Gene Kelly in the greatest musical number of all time.
A few weeks from now, on June 22nd, the American Film Institute will be releasing their list of the 100 greatest songs from the movies. Well Three Movie Buffs is beating them to the punch. We have broken our list into 2 separate time eras; those made before 1960, during the classic age of the Hollywood musical, and those released since 1960, when the musical motion picture went into major decline in popularity but still managed to produce some extremely memorable numbers. Since film is such a visual medium the performance itself is every bit as important as the song being sung. Therefore most of our choices also feature dancing. Without further adieu...
1. 'Singin' in the Rain': Gene Kelly-Singin' in the Rain (1952) Kelly singing and dancing in the rain, gleefully splashing through the puddles with that impossibly radiant smile on his face, is the classic movie musical moment of all time.
2. 'Get Happy': Judy Garland-Summer Stock (1950) Dressed in a man's tuxedo coat and a fedora Judy dances up a storm and sings her heart out. The jazzy tempo and almost desperate lyrics are the perfect fit for the most talented movie musical performer who ever lived.
3. 'New York New York': Gene Kelly, Frank Sinatra and Jules Munson-On the Town (1949) The bouncy tune and catchy lyric of this memorable song makes it a perfect tribute to the Big Apple. Gene, Frank and Jules singing and dancing while site-seeing famous spots in Manhattan makes it great.
4. 'Jailhouse Rock': Elvis Presley-Jailhouse Rock (1957) Presley sings, dances, struts, and grins with unparalleled cocky charm. This perfomance mixes his raw rock & roll gyrations with the choreography of a Hollywood musical to perfect effect.
5. 'Yankee Doodle Boy': James Cagney-Yankee Doodle Dandy (1942) No Jimmy Cagney was not a good singer but with his blazing charisma and unorthodox dance style he could really sell a number. This song embodies the flag waving patriotism of a simpler time.
6. 'A Couple of Swells': Fred Astaire and Judy Garland-Easter Parade (1948) Dressed as tramps Astaire and Garland duet perfectly on this catchy and humorous Irving Berlin gem.
7. 'Make Em Laugh': Donald O'Connor-Singin' in the Rain (1952) For sheer energy, enthusiasm and rubber-faced mugging this performance has never been equalled. The guy literally runs up walls and does back flips.
8. 'Diamonds are a Girls Best Friend': Marilyn Monroe-Gentlemen Prefer Blondes (1954) Monroe's most defining and often imitated musical performance. Thirty years later Madonna would recreate it for her 'Material Girl' video.
9. 'Well, Did You Evah?': Frank Sinatra and Bing Crosby-High Society (1956) There is no better duet between two men than this. One of the lyrics is "...we sing so rare, like old Camembert..." Ain't it the truth.
10. 'The Trolley Song': Judy Garland-Meet Me in St. Louis (1944) This song shows what Judy could do with a heartfelt lyric and at the same time is a peppy sing-a-long. Everybody: "Clang, clang, clang went the trolley..."
1. 'Don't Rain on My Parade': Barbra Streisand-Funny Girl (1968) Talk about chutzpah and that voice, like buttah. Sung with a steadily building urgency Babs holds that amazing final note as she floats past the Statue of Liberty. Mesmerizing.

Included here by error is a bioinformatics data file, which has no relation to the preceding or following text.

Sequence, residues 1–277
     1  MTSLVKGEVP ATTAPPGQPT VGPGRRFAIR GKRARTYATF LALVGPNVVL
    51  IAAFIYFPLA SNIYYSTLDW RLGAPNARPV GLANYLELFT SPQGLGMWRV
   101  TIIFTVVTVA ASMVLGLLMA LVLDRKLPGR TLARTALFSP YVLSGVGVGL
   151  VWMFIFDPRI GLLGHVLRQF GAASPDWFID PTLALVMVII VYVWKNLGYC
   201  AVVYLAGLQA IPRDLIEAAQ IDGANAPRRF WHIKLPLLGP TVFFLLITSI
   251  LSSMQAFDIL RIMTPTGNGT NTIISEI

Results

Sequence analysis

2. 'Summer Nights': John Travolta and Olivia Newton-John Grease (1978) Ah summer romances and back-to-school days. The guys in leather jackets strutting on the bleachers, the girls in poodle skirts skipping around the lunch table and the ending where Danny and Sandy sing the final lines together all make this one unforgettable movie performance.
3. 'Do Re Mi': Julie Andrews and cast The Sound of Music (1965) The breathtaking sight of Maria and the seven matching Von Trapp children on that impossibly beautiful mountain with that impossibly beautiful view will last forever. The simple yet memorable melody and the creative lyrics are a perfect fit and boy those kids were fast learners.
4. 'All That Jazz': Catherine Zeta-Jones Chicago (2002) The best musical number in years and she's not even known as a singer or dancer. This exciting jazz number is both refreshingly modern and a faithful tribute to Bob Fosse and the roaring twenties.
5. 'Cabaret': Liza Minnelli Cabaret (1972) Divine Decadence in all its glory. Liza sings like there's no tomorrow and means every word.
6. 'Sound of Music': Julie Andrews The Sound of Music (1965) Julie Andrews shows off her serenely majestic voice with this lilting melody. One of the best opening sequences from any musical.
7. 'Let's Go Crazy': Prince Purple Rain (1984) Not since Elvis had a rock & roll star made such an impact in a musical film. Not only does he sing and dance and play guitar but he composed the song as well. In a word: primal.
8. 'Time Warp': Cast and chorus Rocky Horror Picture Show (1975) The all-time most popular camp classic number. This one is irresistable. Com'on you know it. "Put your hands on your hips..."
9. 'Ease On Down the Road': Diana Ross and Michael Jackson The Wiz (1978) This song has a great beat and Diana and Michael dance their butts off on the yellow brick road. The image of Manhattan as the Emerald City across the Brooklyn Bridge is stunning.
10. 'Puttin on the Ritz': Gene Wilder and Peter Boyle-Young Frankenstein (1974) In the best movie parody of all time Mel Brooks satires an old Clark Gable number from Idiot's Delight. Only instead of being backed by beautiful women Wilder has Frankenstein's monster.